CI Peter Taylor, with AIs Mark Fackrell, Malgorzata O’Reilly and Mojtaba Heydar, have been looking at the problem of assigning patients to beds in large hospitals. Hospitals are often left in a situation where a bed with ideal facilities is not available when a patient has to be admitted. Such patients are often accommodated in beds with second-choice facilities. Questions then arise as to what to do when a first-choice bed becomes available. The team proposed a novel and sophisticated dynamic programming approach to solving this problem.
A successful project involving cross-node, cross-Centre of Excellence researchers has led to the acceptance of an article in a prestigious journal, Ecology Letters. The project which involved the ARC Centre of Excellence for Environmental Decisions (CEED) and ACEMS, and nodes at UQ, QUT and UNSW, was led by Research Fellow Matthew Adams, who was jointly funded and supervised by UQ and QUT nodes. The research addressed the common problem of well-intentioned environmental management decisions backfiring due to unforeseen perverse outcomes. For example, a decision to eradicate feral cats in order to protect a threatened species of bird might lead to an explosion in rats which eat the birds’ eggs. To avoid such outcomes, managers and ecologists seek accurate predictions of the ecosystem-wide impacts of interventions. However, they usually only have limited data so such predictions are incredibly difficult. The project team developed a method to generate noisy time series based on these data to forecast whether a species’ future population will be positively or negatively affected by rapid eradication of another species. This approach can substantially support management decisions to improve complex environmental outcomes.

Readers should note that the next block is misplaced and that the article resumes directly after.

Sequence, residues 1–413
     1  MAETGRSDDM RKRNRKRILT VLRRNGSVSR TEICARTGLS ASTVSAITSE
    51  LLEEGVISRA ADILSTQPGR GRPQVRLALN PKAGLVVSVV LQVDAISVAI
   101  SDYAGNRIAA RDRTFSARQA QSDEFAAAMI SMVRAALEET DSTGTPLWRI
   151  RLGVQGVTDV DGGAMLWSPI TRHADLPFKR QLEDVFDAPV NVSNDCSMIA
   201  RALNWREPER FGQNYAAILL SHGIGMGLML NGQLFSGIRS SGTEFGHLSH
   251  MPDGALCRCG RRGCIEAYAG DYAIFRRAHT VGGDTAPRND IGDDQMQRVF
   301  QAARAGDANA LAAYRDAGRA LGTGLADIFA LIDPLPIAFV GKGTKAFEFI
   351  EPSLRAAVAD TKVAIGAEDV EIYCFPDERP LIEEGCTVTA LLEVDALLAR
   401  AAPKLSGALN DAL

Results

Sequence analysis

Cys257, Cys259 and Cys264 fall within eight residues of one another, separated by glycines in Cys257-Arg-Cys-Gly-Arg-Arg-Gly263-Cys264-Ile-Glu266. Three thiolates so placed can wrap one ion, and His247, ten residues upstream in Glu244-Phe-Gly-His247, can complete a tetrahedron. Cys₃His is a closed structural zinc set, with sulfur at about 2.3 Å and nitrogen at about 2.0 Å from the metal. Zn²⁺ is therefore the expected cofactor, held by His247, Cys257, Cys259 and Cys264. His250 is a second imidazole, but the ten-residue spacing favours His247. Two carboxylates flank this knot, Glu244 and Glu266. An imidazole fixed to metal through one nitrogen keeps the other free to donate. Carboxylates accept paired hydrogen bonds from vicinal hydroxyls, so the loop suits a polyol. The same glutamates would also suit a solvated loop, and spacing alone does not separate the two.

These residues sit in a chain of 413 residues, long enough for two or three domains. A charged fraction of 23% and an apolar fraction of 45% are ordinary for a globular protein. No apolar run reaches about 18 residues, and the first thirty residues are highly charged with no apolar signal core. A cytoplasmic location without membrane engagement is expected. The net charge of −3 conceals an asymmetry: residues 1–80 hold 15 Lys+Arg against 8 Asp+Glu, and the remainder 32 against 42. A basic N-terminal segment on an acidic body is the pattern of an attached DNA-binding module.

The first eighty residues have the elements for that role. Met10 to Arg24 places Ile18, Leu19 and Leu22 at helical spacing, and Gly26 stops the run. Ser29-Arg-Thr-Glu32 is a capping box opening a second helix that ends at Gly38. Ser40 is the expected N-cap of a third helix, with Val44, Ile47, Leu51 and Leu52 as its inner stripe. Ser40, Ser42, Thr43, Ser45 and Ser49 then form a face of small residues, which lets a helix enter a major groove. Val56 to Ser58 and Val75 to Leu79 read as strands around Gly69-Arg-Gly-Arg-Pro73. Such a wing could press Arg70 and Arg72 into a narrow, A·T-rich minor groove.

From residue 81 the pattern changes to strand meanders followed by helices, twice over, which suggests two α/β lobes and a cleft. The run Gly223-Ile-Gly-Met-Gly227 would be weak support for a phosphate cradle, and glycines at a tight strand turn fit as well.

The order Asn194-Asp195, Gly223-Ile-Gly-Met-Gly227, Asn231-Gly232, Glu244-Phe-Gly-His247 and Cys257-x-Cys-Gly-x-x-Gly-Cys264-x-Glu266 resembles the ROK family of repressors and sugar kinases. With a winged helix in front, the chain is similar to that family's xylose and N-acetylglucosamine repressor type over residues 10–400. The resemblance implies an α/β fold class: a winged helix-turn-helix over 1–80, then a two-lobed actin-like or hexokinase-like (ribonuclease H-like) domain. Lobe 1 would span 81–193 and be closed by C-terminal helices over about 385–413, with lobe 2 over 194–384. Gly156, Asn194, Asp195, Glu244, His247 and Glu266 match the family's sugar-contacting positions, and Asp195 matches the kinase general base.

Another approach to quantitatively supporting conservation decisions was examined by QUT CI Kerrie Mengersen in collaboration with colleagues in the UK. The decision-analytical approach uses a measure of the Value of Information (VoI) to select management alternatives where the effectiveness of the intervention is uncertain. The work has motivated a call for common reporting standards to leverage this powerful tool and suggested promising areas for new research.
ACEMS CI Louise Ryan engaged with the NSW Office of the Chief Scientist and Engineer to advise on methods and strategies for handling decision-making under uncertainty. With other ACEMS researchers, she contributed to reports through the analysis of time-series related to water levels in groundwater aquifers and developed innovative RShiny tools that allow decision makers to undertake their own interactive analysis in a simple, fast manner.